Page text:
Geranpayeh and Kunnan (2007) ran DIF analysis on the listening section of the Certificate in Advanced English examination to probe whether the test showed bias toward examinees from diverse groups of age. Findings obtained from content and statistical analyses revealed DIF in some of the test times. In 2015, Song, Cheng, and Klinger examined DIF in Graduate School Entrance English Examination in China with respect to test taker’s academic background and gender through using SIBTEST and content analysis. Their results revealed poor reliability for many of the test items, leading to their inability to distinguish between high- and low-test performance. Moreover, Oliveri et al. (2017) detected possible sources of DIF in the quantitative reasoning and verbal reasoning sections of all eight forms of a GRE exam. The outcomes suggested that some of the test items were biased toward examinees based on their citizenship group. In a recent study, Hope et al. (2018) investigated DIF likelihood in a high-stakes postgraduate knowledge-based assessment. The findings demonstrated that from 2773 items in the test, only eight items showed significant DIF.

In Iran, Barati and Ahmadi (2010), using 1-p IRT, examined gender as a source of DIF in the special English section of IUEE. Their results revealed that IUEE suffers from gender-DIF. Similarly, Ahmadi and Darabi Bazvand (2016), investigating gender-DIF of IUEE employing both 1-p IRT and logistic regression models, found gender to be a source of DIF on the test. Alavi and Bordbar (2017) also explored gender as a source of DIF in IUEE, employing a Rasch model approach. Based on their findings, the researchers maintained that IUEE is not free from construct-irrelevant variance and its fairness, hence, is jeopardized as the results revealed gender DIF. In contrast, Salehi and Tayebi (2011), examining gender-DIF in the reading comprehension section of an IUEE through employing three-step logistic regression procedure, reported no significant test-item bias toward neither males nor females.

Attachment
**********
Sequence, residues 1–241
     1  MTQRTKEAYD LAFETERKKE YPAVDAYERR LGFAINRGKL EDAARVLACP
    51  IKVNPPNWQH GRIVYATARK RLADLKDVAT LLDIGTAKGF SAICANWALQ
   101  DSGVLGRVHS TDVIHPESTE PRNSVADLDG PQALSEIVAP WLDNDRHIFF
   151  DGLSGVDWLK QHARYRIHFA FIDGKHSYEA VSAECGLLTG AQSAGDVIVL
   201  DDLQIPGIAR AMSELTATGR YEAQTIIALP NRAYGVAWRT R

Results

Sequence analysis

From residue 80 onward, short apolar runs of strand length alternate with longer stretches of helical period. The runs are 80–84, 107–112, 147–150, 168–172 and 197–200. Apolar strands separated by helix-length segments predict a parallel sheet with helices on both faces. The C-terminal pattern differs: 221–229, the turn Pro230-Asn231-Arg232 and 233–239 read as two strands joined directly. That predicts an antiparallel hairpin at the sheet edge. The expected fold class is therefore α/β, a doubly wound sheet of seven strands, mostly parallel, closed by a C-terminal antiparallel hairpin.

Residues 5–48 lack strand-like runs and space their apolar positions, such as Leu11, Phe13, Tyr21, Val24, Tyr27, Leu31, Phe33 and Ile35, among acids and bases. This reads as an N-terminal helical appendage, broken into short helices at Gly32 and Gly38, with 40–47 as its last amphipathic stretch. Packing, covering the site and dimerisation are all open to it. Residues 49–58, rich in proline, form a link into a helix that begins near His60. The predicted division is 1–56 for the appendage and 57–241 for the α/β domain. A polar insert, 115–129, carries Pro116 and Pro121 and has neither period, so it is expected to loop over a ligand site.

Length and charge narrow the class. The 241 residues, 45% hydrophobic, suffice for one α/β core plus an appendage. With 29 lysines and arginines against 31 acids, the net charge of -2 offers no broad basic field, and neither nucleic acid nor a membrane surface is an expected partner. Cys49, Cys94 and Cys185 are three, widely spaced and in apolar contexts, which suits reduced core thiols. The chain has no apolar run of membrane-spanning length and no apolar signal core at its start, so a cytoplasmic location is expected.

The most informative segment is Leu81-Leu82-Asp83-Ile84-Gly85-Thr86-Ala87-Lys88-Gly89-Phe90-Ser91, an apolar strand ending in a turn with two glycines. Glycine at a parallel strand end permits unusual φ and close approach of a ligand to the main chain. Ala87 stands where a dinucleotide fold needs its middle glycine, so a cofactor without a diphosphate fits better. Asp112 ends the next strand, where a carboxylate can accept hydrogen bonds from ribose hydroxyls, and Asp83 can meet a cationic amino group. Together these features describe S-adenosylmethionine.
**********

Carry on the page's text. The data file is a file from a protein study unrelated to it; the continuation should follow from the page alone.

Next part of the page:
To date, as far as the researchers are concerned, only a few empirical studies have put forward the examinees’ field of study as a source of DIF in IUEE. Using the 1-p IRT model, Barati, Ketabi, and Ahmadi (2006) examined performance on the general English section of IUEE among test takers from mathematics, humanities, and sciences backgrounds. The results uncovered 33 DIF items across various sections of the general English subtest. The DIF items in the word order and vocabulary sections favored test takers from sciences or humanities. Half of the DIF items in the cloze test, reading comprehension, language function, and structure sections favored those with a mathematics background, and the rest favored those with sciences and humanities backgrounds. In the same vein, Ravand et al. (2019) examined the general English subtest of master of English programs IUEE to identify possible gender and field of study DIF in the items of this test through employing multiple-indicators multiple-causes structural equation modeling on test performance data of 21,642 applicants. The results of data analysis through Mplus showed reveled 12 items being flagged for DIF in a statistically significant way. However, only five items showed DIF in terms of practical significance.

Considering the paucity of research on the field of study as a source of DIF and test bias in IUEE, the present study was undertaken to probe if the items in the reading section of an IUEE developed for MA applicants of English Majors showed DIF toward the participants. In this respect, the present research endeavored to address two research questions as follow:

Research Question One: Does the reading comprehension section of the general English test in MA University Entrance Exam for English majors show Differential Item Functioning (DIF) in favor of any field of study?